It’s Time To Protect Stacey Abrams At All Costs
In the media frenzy of Kanye West’s ridiculous posturing with President Trump, a severe injustice is taking place in Georgia.
Stacey Abrams, the first Black woman to advance to the general election in a gubernatorial race, faces a challenging dilemma. Abrams made history this summer when she won the Democratic primary race against opponent Stacey Evans.
A Tuesday report by the Associated Press shows that 53,000 voting records are being held from processing under the jurisdiction of her Republican opponent Brian Kemp, who also serves as Georgia’s Secretary of State.
Over two-thirds affected are Black applicants.
Kemp’s office is exercising an “exact standard” method to determine which applications will process through the system.
Under the standard, applications can be held due to a typo or a small error between a voter registration card and a driver’s license, CNN reports. According to the outlet, social security cards and state ID’s can be flagged as well.
On Thursday several legal groups filed a lawsuit against Kemp. Spearheaded by the Lawyers’ Committee for Civil Rights Under Law and the Campaign Legal Center, the lawsuit accuses Kemp’s office of using the exact match policy which violates the Voting Rights Act of 1965, the National Voter Registration Act of 1993, and the First and Fourteenth Amendments, according to The New York Times.
Kemp has denied the accusations, charging that a liberal agenda has turned a standard practice into a media frenzy. According to Kemp’s office the 53,000 applicants will be able to vote on November 6 with proper documentation.
In 2012, Kemp, who has held office since 2010, utilized a process called voter roll maintenance to cancel over 1.4 million voter registrations. In 2017, nearly 670,000 registrations were cancelled, the AP reports.
Abrams’ office has charged Kemp with attempting to suppress the vote, a move that will undoubtedly affect Black voters–who in turn have historically swayed Democrat. Abrams office is currently calling for Kemp’s resignation along with several other voting rights groups.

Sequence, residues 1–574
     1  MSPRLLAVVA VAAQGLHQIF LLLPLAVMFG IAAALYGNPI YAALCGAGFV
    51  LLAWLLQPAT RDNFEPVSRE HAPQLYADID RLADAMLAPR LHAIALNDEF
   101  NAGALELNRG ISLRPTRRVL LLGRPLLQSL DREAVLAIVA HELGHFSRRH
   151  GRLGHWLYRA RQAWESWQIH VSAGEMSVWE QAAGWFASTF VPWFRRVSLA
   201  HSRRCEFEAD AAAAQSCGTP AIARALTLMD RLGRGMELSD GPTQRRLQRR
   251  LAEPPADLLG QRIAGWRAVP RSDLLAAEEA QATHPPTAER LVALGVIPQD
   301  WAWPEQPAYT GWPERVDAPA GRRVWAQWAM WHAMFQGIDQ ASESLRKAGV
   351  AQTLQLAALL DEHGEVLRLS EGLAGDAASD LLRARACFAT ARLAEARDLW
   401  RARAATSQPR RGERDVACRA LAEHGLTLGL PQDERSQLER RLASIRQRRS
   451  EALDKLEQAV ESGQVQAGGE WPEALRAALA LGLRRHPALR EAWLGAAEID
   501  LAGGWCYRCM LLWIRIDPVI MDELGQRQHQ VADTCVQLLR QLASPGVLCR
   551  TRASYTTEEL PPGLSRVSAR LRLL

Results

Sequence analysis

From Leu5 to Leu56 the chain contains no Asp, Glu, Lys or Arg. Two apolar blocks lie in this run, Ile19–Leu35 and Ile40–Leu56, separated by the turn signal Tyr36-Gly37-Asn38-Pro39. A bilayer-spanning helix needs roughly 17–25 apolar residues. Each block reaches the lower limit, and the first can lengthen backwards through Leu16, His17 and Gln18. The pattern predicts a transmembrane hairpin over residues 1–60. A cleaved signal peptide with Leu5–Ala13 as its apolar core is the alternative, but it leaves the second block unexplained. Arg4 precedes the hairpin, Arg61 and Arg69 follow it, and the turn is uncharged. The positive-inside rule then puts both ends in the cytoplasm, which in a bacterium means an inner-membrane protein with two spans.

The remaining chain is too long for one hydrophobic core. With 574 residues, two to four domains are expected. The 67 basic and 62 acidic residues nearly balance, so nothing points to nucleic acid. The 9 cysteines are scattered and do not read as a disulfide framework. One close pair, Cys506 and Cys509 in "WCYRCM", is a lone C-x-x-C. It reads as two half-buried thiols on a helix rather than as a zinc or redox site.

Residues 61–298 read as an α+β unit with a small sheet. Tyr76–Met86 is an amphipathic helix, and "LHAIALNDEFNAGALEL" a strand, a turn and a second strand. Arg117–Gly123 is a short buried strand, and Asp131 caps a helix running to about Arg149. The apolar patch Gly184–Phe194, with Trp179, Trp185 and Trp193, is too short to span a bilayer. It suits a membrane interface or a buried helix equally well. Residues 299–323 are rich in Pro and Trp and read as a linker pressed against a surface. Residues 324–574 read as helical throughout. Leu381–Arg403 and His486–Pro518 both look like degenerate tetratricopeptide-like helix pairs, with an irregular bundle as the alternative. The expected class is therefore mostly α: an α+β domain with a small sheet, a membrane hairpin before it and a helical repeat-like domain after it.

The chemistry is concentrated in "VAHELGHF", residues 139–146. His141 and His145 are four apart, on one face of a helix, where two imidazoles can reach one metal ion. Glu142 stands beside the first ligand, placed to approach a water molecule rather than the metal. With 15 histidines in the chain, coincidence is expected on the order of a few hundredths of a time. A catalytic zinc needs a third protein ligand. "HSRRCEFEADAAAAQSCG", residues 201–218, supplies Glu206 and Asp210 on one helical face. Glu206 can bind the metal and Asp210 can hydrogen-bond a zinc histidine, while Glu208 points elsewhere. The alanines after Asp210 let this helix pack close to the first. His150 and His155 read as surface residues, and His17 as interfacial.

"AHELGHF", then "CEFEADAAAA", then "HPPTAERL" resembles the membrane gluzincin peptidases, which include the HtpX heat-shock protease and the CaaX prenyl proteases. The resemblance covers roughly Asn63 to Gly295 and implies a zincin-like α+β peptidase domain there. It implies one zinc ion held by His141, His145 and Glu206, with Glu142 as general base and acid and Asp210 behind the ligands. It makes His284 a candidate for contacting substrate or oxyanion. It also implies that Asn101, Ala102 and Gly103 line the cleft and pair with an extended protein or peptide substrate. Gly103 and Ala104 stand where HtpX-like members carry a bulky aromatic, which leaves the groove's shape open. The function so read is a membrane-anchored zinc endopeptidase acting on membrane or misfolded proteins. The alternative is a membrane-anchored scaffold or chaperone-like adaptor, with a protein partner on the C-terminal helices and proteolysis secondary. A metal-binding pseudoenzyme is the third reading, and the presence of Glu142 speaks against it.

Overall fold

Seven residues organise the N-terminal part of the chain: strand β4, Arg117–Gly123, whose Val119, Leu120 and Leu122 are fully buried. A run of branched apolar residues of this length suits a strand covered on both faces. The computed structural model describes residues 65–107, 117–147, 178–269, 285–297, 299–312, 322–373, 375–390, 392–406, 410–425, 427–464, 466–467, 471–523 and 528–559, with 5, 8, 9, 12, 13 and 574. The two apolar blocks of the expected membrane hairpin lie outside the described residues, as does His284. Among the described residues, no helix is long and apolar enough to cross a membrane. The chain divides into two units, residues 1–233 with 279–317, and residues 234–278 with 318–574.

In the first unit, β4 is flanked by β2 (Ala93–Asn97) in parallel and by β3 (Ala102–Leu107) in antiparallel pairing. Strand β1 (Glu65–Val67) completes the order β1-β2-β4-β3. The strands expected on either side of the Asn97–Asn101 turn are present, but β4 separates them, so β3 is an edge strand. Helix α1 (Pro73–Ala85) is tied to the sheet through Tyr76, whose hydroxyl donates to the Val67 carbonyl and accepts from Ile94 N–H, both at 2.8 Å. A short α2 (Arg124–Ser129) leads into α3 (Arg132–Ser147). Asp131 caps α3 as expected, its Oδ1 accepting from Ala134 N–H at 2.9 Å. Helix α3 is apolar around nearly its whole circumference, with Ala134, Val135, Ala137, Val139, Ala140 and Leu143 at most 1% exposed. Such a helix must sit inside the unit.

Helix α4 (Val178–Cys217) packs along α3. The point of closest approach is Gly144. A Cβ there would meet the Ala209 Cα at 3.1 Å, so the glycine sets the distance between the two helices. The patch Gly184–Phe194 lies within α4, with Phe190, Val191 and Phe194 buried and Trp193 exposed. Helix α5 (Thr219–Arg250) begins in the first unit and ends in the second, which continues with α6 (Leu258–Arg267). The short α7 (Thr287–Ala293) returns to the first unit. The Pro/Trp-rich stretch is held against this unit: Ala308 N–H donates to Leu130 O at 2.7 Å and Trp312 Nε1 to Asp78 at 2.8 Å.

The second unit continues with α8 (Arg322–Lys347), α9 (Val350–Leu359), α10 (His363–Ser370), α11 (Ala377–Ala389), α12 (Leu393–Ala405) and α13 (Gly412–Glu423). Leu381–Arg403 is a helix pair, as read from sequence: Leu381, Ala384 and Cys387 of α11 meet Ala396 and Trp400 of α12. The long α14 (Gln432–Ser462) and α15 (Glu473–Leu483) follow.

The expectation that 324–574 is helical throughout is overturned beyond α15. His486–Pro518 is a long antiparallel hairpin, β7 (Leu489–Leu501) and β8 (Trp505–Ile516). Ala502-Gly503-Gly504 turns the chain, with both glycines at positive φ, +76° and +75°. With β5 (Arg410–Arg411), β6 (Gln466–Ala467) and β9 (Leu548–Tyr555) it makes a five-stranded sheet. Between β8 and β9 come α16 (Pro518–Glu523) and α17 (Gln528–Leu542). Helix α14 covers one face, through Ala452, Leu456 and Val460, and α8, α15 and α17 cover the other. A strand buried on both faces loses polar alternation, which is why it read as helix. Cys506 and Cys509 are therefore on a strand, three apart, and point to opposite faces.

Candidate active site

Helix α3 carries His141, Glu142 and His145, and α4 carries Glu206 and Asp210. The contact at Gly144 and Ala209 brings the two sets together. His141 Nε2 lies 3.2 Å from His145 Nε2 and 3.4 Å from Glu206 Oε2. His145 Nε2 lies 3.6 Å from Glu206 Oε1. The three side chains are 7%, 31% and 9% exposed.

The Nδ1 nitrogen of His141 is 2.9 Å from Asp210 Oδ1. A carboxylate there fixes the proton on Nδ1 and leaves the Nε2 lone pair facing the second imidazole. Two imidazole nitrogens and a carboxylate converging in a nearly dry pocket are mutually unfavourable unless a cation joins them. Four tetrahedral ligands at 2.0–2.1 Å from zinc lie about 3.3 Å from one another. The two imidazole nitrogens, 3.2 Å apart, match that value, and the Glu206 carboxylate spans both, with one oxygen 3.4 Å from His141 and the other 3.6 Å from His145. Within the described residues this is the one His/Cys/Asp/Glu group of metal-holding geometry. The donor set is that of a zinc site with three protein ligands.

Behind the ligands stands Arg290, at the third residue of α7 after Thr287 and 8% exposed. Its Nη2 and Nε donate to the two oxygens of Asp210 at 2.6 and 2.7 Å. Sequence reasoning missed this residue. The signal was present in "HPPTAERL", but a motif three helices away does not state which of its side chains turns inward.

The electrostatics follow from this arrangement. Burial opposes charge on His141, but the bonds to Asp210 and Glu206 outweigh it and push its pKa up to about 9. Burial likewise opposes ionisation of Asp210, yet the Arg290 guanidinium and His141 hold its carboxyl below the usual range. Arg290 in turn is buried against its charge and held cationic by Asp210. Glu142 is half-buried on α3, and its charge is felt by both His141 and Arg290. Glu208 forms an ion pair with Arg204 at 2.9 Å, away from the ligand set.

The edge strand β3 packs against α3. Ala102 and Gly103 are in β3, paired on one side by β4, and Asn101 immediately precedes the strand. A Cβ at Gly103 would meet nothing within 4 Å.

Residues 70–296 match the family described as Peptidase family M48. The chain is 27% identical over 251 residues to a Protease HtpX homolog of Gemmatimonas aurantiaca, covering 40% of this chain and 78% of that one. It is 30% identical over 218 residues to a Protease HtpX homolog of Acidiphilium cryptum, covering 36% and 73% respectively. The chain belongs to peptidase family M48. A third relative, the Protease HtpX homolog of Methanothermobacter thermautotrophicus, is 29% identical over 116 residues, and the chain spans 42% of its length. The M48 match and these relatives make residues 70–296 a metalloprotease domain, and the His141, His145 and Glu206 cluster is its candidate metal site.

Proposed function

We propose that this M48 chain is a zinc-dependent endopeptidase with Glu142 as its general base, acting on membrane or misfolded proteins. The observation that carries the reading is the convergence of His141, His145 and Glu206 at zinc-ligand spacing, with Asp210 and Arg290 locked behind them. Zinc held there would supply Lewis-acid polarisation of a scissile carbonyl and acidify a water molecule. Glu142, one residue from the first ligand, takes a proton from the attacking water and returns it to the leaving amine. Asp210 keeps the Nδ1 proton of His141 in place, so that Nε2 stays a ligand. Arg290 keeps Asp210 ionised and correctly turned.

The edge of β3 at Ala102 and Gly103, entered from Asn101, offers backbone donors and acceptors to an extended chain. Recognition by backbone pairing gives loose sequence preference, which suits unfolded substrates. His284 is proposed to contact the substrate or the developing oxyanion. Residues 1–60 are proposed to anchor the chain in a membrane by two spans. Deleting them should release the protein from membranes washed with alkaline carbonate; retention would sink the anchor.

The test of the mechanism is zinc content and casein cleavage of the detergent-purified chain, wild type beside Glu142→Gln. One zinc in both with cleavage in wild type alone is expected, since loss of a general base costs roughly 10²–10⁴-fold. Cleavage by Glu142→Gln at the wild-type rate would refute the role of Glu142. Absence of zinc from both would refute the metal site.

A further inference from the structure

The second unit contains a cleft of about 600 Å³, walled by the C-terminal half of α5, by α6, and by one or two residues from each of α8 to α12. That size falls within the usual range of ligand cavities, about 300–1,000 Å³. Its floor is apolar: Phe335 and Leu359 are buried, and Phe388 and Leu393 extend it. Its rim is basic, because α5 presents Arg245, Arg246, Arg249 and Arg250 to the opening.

But with all the accusations, the hope is that voters will remain invigorated and show up at the polls on November 6.
The NAACP is closely monitoring the situation according to a recent statement.
“It’s a stain on our system of democracy when less than a month before an election which could produce the first African-American female governor in our nation’s history, we are seeing this type of voter suppression scheme attempted by a state official whose candidacy for the governorship produces an irremediable conflict of interest,” said NAACP President and CEO Derrick Johnson.
In August, the NAACP was successful in blocking the closure of seven polling stations in Randolph County, a predominantly Black area.
While voter suppression is an archaic tactic frequently used to keep the disenfranchised limited to a status quo, Abrams has continued to gain traction among her constituents. A Thursday Atlanta Journal-Constitution/Channel 2 Action News poll shows Abrams and Kemp are currently tied, with Kemp in the lead at 47.7 percent and Abrams at 46.3.
With less than 30 days until Election Day, all across the country, a general recooking of sorts has risen up out of those who have historically been told “no.” No matter the outcome, a pervasive need for change has bubbled up and political representatives like Abrams show that “We, the people,” are ready for impactful change.
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